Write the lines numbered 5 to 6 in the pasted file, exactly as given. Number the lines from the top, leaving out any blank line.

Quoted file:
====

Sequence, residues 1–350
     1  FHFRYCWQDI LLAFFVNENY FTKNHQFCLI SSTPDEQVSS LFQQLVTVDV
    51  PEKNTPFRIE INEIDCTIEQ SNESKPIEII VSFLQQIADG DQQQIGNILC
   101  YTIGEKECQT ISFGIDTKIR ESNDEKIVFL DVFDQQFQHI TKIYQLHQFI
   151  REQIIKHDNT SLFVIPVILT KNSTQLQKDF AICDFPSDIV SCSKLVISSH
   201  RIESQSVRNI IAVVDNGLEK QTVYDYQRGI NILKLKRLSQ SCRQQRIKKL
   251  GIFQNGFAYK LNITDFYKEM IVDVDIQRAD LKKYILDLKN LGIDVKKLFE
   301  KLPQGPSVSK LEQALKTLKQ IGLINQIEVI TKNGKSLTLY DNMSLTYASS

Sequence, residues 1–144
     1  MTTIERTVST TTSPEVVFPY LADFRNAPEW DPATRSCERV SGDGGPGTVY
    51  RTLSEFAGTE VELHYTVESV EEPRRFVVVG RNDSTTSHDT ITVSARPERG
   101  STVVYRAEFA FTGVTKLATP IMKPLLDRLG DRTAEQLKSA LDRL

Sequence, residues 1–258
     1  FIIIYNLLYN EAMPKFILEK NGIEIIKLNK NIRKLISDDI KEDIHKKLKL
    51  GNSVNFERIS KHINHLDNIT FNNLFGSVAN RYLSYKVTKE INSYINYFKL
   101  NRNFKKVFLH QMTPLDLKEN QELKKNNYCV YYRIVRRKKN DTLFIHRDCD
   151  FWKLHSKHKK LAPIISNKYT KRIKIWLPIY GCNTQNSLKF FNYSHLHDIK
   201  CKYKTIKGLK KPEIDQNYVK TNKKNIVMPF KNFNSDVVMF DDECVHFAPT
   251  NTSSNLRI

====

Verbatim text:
   151  REQIIKHDNT SLFVIPVILT KNSTQLQKDF AICDFPSDIV SCSKLVISSH
   201  RIESQSVRNI IAVVDNGLEK QTVYDYQRGI NILKLKRLSQ SCRQQRIKKL